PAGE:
“It is just that their thinking has been infected by unhealthy thoughts,” the script said. “Freedom is only possible when this ‘virus’ in their thinking is eradicated and they are in good health.” A leak of internal Communist Party documents regarding Xinjiang to the NYT makes for gripping, terrifying reading (annoyingly over-presented in interactive web form, as though these particular words needed to dance more to matter). What these documents show most starkly is not so much specific abuses, but rather the quiet and mundane systems through which authoritarianism really operates, where brutal repression requires no direct order.
Over at The Atlantic, Zeynep Tufekci dispatches from Hong Kong on what resistance to those systems is beginning to realise it needs to look like. She writes: “China may have wanted to make an example out of [Xinjiang], but the lesson Hong Kongers took was in the other direction—resist with all your might, because if you lose once, there will be a catastrophe for your people, and the world will ignore it.”
(And yeah, that new design at The Atlantic is pretty nice! Especially the quiet restraint of its print covers, which may or… may not match much of the journalism coming out of that place in recent years.)
At Outside, an argument against tech shaming in the great outdoors. We agree: It’s totally fine to use apps on the trail! You’re not somehow more pure if you don’t, but either way, you do you!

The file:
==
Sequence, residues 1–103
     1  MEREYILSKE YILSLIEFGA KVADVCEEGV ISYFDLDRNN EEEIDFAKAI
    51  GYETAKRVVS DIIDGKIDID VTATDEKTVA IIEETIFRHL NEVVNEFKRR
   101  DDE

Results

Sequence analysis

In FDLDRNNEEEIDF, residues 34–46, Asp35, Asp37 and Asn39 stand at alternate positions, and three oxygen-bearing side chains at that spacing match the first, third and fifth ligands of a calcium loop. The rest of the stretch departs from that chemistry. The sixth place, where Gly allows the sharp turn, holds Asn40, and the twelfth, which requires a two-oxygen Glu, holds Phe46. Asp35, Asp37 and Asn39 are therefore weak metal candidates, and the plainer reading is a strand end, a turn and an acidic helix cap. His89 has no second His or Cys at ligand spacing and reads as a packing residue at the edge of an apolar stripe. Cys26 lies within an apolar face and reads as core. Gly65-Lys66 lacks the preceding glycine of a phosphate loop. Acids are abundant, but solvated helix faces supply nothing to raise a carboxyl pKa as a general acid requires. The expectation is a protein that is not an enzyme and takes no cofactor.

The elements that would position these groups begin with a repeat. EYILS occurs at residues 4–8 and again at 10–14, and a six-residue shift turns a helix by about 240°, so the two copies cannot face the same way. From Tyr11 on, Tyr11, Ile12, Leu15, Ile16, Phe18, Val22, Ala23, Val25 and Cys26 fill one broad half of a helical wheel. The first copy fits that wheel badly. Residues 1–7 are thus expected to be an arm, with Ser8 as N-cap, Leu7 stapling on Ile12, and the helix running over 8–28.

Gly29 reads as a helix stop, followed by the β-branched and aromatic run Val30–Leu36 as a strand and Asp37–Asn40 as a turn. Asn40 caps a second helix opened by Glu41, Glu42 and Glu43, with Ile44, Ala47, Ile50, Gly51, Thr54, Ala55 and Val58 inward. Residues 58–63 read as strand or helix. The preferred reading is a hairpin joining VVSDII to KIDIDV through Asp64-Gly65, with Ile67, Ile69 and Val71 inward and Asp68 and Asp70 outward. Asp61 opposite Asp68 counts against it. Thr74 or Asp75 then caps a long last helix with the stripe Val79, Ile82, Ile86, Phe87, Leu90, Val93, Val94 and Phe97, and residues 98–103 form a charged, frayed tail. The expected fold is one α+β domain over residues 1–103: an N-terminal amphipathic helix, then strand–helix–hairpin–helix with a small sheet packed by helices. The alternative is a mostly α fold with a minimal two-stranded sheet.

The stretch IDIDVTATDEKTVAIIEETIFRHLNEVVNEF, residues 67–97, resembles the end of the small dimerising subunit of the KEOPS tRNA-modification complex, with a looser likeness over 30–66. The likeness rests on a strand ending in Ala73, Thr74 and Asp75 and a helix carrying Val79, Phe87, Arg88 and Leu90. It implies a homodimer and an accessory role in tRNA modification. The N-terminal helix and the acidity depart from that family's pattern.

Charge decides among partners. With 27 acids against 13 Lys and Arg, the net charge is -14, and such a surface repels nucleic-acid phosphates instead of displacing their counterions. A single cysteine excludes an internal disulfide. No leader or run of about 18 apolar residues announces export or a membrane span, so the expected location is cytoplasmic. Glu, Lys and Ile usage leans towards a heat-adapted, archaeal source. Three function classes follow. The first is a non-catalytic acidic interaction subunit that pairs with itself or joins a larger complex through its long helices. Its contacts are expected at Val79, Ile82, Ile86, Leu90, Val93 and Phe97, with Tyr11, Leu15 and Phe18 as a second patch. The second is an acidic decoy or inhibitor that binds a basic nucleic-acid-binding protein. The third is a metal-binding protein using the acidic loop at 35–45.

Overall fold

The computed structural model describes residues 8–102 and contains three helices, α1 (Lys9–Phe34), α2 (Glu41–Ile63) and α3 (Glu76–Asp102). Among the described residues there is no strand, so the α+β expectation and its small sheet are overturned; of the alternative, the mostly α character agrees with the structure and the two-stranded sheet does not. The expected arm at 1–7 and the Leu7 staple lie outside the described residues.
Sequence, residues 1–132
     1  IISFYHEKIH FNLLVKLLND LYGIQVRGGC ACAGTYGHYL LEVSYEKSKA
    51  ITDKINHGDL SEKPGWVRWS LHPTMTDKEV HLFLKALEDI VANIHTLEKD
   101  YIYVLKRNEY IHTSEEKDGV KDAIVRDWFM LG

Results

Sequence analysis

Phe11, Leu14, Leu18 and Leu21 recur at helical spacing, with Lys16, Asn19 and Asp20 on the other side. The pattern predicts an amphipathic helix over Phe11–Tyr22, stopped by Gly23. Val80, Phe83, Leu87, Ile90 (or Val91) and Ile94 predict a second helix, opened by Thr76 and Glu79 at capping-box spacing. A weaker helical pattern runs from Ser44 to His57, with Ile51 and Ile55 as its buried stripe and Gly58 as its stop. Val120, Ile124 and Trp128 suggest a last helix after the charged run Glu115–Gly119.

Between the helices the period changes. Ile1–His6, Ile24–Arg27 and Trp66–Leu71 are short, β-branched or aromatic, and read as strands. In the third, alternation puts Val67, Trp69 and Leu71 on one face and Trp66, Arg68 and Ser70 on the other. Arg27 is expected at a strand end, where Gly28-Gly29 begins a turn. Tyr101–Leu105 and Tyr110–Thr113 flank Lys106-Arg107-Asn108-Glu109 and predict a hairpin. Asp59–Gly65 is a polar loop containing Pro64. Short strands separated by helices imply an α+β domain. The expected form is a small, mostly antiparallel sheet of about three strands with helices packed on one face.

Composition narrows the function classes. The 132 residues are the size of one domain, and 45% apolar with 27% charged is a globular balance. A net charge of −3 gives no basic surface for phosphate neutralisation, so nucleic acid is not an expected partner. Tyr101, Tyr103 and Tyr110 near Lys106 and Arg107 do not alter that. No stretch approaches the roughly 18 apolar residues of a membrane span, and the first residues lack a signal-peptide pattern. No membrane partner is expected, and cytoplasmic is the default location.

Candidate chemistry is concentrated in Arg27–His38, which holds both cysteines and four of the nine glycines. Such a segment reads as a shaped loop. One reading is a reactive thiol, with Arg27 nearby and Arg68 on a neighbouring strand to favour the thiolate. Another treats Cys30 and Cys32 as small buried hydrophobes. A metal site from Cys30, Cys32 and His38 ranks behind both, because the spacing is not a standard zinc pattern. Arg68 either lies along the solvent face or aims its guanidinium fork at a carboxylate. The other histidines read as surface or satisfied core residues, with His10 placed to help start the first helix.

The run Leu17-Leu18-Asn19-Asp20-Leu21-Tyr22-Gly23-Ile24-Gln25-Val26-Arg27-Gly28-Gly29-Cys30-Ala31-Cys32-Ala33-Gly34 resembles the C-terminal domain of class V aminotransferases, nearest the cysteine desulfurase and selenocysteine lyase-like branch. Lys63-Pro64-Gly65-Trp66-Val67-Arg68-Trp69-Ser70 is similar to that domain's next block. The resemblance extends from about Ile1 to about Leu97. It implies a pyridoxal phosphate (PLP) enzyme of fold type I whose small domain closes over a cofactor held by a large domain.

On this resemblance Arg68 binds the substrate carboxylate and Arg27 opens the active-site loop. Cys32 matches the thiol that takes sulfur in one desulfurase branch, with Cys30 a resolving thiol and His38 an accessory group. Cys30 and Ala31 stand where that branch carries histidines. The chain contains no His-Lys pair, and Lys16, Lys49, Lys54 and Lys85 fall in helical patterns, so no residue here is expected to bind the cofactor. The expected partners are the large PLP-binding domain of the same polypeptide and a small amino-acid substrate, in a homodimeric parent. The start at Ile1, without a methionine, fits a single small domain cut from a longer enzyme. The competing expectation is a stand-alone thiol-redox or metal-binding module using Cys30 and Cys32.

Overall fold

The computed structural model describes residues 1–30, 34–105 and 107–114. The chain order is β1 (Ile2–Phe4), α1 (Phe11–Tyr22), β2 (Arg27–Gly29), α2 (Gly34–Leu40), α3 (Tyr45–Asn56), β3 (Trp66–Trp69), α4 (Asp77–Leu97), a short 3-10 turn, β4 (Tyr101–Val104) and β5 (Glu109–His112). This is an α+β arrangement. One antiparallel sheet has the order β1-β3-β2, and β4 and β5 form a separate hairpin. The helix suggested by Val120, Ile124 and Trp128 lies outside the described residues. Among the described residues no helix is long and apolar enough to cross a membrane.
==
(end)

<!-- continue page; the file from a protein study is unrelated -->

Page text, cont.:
In The Baffler, Liz Pelly on Sofar Sounds, “a version of what underground shows would be if they were filtered through the mind of a marketing executive who wanted to make them as predictable and globally monotonous as Starbucks or WeWork.”
Cat Zhang in Pitchfork on the anatomy of a TikTok hit:
“Pumpkins scream” and “Asshole” gathered momentum, in part, because of e-boys—chain-sporting, black nail polish-wearing, Timothée Chalamet-types who serve as a digital update of previous generations’ goth mopes. They film their TikToks in dark bedrooms lit by colored LED lights, where they pout, mimic choking themselves, and roll their eyes while tapping their temples. Their moves allude to sex, but are chaste enough to avoid serious alarm. Salina Johns—who parodies e-boy tropes so regularly on TikTok that she declared herself the “King e-boy”—points out that the e-boy performance can be ironic, but it’s still geared toward convincing other teenagers you’re hot.
Things Buckslippers wrote that came out in the last couple of weeks:
1! If you like a baby name so trendy it sounds like it was whipped up by Warby Parker, this sassy little piece by Eli is for you.
2! Eli was also over at McSweeney’s, slowly losing his mind writing 75 Things You Didn’t Know You Could Do With Peanut Butter.
3! If you’re in the market for mountains and food security stories, Patrick was far from peanut butter with another piece from Tajikistan, this time in The Calvert Journal with the story of a greenhouse high in the Pamirs and the dreams of the man who tends it.